• Support passage of the ENABLERS Act, which would authorize the U.S. Treasury to require professionals that provide financial, company, trust, or third-party payment services for their clients to maintain risk-based anti-money laundering requirements as appropriate. 
  • Support passage of the United States Legal Gold and Mining Partnership Strategy Act, which would provide technical assistance to allow regional governments to use targeted sanctions on persons engaged in laundering of illicit gold assets and authorize $10 million for the State Department to pursue a strategy to curb illicit gold mining in the Western Hemisphere. 
  • Increase funding for Treasury’s Financial Crimes Enforcement Network, which is responsible for updating U.S. anti-money laundering rules. Congress should also consider a multiyear effort to increase FinCEN’s budget.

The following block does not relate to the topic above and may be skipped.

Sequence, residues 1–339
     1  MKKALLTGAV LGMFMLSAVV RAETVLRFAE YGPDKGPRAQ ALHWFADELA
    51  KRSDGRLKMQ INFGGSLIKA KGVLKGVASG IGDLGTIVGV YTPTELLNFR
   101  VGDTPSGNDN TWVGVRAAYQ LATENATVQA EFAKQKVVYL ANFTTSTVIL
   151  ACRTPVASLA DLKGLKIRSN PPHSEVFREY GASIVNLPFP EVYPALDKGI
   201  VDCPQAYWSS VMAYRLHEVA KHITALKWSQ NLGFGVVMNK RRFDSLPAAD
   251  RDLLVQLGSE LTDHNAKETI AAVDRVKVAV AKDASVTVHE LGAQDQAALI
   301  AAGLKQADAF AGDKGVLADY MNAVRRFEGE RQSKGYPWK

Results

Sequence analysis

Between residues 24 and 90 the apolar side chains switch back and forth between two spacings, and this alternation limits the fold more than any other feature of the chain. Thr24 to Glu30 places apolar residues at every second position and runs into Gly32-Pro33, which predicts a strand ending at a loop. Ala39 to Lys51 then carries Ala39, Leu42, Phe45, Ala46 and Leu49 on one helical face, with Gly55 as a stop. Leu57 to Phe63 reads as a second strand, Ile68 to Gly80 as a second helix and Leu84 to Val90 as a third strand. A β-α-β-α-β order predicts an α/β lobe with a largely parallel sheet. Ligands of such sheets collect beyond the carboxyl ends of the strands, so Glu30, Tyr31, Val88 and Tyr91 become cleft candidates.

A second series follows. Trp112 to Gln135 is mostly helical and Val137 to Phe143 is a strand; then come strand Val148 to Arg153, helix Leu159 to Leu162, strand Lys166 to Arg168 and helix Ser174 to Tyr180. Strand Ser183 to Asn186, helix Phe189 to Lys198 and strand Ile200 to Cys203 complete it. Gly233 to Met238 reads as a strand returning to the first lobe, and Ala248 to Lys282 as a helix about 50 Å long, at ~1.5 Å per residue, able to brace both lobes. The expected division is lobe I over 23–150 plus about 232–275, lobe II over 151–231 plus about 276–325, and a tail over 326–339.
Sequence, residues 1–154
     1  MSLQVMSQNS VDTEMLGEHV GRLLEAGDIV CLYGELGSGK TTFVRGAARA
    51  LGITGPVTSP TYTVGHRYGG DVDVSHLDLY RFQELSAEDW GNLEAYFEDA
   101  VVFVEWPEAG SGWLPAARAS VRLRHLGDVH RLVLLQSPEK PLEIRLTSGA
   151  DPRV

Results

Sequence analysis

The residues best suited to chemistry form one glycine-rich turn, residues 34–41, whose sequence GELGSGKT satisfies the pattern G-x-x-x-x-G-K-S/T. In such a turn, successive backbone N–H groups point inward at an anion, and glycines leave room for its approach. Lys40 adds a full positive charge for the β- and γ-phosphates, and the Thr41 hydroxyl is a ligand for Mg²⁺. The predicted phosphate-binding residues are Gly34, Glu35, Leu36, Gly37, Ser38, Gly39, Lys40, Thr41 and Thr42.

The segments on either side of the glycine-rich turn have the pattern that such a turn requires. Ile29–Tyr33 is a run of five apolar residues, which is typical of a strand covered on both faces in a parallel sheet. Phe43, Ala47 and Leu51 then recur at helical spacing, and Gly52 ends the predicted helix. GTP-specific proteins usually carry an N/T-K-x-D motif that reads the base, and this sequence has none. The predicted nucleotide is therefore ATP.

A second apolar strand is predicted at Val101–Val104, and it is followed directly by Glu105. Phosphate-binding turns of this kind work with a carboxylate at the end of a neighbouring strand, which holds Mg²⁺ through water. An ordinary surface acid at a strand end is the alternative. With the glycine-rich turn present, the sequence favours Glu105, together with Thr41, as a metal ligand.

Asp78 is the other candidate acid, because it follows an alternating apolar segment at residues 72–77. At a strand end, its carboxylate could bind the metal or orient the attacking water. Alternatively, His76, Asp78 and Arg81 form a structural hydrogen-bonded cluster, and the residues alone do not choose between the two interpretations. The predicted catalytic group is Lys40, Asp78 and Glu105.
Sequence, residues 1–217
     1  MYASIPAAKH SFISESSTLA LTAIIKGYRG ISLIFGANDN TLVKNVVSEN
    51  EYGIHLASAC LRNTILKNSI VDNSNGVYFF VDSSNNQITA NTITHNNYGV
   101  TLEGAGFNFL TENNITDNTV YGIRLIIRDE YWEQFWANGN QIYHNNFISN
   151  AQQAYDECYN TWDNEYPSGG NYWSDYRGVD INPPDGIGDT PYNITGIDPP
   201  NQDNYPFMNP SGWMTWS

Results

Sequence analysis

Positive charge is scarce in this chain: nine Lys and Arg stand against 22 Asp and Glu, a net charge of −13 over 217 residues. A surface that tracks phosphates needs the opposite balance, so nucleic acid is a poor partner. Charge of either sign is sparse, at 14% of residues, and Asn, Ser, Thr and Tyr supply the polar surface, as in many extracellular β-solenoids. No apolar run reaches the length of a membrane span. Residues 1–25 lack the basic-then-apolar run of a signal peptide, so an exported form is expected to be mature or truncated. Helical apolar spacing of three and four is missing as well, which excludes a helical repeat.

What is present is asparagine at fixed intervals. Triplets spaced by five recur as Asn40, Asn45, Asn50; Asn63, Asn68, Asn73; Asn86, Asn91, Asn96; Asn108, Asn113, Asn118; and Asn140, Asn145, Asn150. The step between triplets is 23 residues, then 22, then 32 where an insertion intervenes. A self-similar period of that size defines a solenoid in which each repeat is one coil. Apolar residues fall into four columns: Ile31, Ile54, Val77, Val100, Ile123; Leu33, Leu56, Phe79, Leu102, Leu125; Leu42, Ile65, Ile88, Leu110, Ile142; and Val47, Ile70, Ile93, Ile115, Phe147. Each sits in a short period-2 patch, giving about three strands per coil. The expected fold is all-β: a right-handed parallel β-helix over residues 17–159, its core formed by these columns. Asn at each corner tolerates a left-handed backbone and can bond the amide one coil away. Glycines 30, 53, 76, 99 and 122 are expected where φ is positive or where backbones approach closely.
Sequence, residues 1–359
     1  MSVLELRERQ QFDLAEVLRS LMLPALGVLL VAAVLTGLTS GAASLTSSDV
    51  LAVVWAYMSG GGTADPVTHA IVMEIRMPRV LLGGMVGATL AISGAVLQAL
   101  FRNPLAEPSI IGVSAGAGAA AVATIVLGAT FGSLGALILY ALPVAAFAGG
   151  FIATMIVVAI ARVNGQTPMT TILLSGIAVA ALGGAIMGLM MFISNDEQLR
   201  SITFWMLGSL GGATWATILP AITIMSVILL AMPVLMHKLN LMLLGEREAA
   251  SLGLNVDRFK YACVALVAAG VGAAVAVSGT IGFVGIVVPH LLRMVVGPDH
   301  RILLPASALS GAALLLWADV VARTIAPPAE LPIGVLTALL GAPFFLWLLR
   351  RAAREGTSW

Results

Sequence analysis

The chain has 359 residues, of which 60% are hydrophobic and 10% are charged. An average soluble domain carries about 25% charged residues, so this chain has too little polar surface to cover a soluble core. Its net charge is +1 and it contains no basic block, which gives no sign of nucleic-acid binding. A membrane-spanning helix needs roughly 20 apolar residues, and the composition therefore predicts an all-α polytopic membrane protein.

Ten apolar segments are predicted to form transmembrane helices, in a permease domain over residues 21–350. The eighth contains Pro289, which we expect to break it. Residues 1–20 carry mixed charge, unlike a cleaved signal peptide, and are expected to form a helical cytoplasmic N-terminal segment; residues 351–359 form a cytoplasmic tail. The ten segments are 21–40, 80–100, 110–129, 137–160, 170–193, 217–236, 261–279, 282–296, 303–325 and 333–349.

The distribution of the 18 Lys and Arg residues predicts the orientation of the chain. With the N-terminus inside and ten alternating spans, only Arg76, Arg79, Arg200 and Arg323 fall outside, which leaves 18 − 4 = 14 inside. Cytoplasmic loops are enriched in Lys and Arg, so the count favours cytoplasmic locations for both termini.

Authors: Sofia Gonzalez, Sophia Cole, and Ian Gary

Editors: Erica Hanichak, Zorka Milin, and Seamus Love

Interviewees: We would like to thank the following individuals that we interviewed for providing valuable information and background for this report. 


  • Julio Cusurichi, President of FENAMAD and Peruvian Shipibo-Conibo indigenous leader
  • César Ipenza, Professor at Universidad del Pacífico
  • Daniel Linares Ruesta, UIF-Peru
  • Diego Ulloa, UIF-Peru
  • Humberto Balbuena, Director of Politics and Environmental Governance at Conservación Amazónica
  • Rodrigo Arce Rojas, Environmental Conservation Expert
  • Victor Hugo Huaman Tarmeño, Director of the Directorate of Forestry and Wildlife Sanctioning Procedures, Government of Peru